I’ve always dreamed of creating a space and structure for teacher professional development that is different than the current one-size-fits-all approach, where “experts” far removed from the classroom give advice that is difficult to implement. Many of us have struggled through countless hours of “sit-and-get” sessions, left wondering how we can use the information to improve ourselves as teachers.
In my ideal professional development framework, educators choose what they want to learn about, and the “experts” are experienced teachers interested in similar learning. The learning is specific and targeted; the learning environment is innovative, with technology and furniture that promotes collaboration; teachers feel comfortable challenging the ways we’ve always approached education; teachers are recognized as valuable resources for growing other teachers; and—above all—teachers are treated like professionals.
This year I will partner with the Van Andel Education Institute (VAEI) to begin realizing this vision, part of my overall goal to support teachers as Michigan Teacher of the Year. VAEI, the education division of the Van Andel Institute, promotes a hands-on, inquiry-based model for science instruction, offering a variety of teacher professional development programs and student programming to get students to “think like scientists.”
With this partnership, we’ll work to expand teacher learning opportunities in three key areas: math education, new teacher development, and growing teacher leaders.
Math education is going through an important shift in philosophy right now. Traditional lecture-style learning formats are being replaced with a more interactive and collaborative environment, where students create the knowledge and teachers act more as facilitators. This challenging but significant transformation needs support systems for the math teachers embracing this change. Our partnership will explore ways the VAEI inquiry-based model for science instruction can be used within a mathematical context.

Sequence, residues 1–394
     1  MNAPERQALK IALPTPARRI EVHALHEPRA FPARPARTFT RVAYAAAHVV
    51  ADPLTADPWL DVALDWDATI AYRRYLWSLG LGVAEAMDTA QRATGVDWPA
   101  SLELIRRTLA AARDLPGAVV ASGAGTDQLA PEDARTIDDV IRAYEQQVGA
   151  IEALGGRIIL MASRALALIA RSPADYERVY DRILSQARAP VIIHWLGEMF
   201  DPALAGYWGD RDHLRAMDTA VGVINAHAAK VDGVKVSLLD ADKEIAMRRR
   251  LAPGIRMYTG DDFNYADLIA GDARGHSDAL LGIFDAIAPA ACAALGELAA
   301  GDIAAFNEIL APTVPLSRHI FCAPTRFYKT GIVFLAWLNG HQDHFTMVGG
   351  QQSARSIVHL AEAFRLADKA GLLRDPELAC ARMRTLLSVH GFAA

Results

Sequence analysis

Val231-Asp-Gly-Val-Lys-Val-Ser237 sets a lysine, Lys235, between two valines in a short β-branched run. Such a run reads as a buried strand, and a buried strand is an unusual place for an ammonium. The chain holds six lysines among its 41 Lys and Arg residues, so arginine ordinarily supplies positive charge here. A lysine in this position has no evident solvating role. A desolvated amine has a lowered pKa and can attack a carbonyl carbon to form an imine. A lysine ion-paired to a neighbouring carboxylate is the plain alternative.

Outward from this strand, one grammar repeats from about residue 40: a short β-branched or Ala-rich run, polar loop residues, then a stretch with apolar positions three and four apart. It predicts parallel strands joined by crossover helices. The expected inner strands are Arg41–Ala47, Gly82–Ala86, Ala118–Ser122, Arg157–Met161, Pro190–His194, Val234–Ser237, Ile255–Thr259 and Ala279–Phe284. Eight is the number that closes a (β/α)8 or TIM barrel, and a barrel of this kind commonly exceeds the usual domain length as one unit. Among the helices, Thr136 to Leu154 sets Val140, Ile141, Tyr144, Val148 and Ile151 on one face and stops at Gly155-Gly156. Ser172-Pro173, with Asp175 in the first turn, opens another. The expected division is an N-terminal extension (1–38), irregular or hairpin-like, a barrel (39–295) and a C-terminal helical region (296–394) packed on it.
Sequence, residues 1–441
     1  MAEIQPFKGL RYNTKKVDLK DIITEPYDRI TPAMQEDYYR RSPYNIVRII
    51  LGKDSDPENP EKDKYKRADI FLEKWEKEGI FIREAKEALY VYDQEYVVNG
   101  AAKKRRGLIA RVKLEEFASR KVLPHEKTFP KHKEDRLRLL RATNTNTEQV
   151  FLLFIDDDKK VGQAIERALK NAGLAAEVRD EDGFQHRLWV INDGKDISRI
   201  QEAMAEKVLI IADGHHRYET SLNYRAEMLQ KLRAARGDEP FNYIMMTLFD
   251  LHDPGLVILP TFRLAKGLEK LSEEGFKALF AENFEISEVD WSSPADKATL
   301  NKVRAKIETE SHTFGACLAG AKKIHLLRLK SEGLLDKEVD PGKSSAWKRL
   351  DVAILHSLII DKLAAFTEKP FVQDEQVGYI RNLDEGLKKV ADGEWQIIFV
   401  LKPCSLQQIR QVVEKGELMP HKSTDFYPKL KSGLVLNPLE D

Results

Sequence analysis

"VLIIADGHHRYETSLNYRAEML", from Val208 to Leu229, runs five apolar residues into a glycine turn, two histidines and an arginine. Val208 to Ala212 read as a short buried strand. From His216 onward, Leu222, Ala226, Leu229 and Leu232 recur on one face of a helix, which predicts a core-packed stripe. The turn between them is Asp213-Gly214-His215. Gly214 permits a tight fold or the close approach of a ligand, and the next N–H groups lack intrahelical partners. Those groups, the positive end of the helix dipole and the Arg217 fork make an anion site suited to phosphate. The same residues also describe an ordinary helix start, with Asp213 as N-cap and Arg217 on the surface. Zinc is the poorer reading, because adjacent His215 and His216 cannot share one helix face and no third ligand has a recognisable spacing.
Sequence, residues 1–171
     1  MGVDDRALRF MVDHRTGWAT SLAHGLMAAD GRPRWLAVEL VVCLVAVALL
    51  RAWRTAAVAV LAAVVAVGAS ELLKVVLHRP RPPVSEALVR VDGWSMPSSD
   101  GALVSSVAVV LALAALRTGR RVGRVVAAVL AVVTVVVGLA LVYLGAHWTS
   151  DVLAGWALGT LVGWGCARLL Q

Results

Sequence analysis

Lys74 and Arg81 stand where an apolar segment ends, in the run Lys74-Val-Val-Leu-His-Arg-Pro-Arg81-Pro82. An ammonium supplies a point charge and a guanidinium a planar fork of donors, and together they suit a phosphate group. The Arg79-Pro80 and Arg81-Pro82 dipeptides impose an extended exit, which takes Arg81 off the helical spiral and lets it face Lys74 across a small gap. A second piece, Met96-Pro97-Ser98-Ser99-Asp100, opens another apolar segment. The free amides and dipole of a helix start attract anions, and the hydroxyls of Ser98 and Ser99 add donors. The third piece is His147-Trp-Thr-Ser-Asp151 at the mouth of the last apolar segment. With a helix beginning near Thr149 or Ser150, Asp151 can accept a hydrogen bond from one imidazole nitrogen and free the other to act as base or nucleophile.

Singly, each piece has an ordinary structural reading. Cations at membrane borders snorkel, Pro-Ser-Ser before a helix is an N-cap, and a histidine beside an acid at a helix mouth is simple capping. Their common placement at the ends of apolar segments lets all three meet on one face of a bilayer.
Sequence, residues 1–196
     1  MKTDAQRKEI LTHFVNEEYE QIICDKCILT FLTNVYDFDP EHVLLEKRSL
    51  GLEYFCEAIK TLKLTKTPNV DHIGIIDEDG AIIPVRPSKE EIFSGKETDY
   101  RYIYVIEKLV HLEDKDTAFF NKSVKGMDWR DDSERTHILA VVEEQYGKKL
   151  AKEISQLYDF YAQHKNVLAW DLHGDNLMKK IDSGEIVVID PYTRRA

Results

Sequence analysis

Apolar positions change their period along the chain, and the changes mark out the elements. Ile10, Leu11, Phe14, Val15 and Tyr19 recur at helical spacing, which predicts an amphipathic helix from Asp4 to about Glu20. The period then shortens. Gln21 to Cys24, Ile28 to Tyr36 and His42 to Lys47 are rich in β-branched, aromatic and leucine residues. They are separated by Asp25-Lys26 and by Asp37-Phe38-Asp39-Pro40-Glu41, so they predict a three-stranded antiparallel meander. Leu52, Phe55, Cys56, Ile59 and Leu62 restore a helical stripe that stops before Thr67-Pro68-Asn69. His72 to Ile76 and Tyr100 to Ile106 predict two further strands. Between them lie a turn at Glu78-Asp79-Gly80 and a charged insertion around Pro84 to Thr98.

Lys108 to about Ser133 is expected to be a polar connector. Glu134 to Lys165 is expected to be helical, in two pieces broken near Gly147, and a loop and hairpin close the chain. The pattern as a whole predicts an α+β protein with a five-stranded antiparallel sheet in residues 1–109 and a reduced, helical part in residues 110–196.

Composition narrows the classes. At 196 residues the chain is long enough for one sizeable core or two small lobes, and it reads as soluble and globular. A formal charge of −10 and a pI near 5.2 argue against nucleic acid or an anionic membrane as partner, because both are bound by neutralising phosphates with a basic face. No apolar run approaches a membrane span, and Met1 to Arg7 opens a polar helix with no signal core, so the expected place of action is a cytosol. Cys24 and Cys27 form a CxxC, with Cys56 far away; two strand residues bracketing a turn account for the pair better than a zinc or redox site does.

The first few years for new teachers are extremely demanding, but unparalleled professional growth occurs during this time. These teachers need social and professional support to maximize their learning in these formative years. We can provide consistent support and resources for these teachers by creating a space for them to share their struggles, and specific training to grow them towards master teachers, along with targeted summer programming to help teachers prepare for each new school year.
Administrators are increasingly empowering teachers to be a part of the decision-making process, the professional learning of colleagues, and the vision creation for the school. For this to be effective, teachers must be trained in leadership qualities and thinking. We can provide programming to develop elite teacher leaders who will grow their influence within their schools and districts.
The opportunity to facilitate teacher collaboration and development is an exciting one, especially in such an innovative workspace. Feel free to email me your thoughts and questions at firstname.lastname@example.org, and follow this partnership while learning more about my work as Michigan Teacher of the Year at lukewilcox.org/blog.
Luke Wilcox is a math teacher at East Kentwood High School and the 2017-18 Michigan Teacher of the Year. See related story.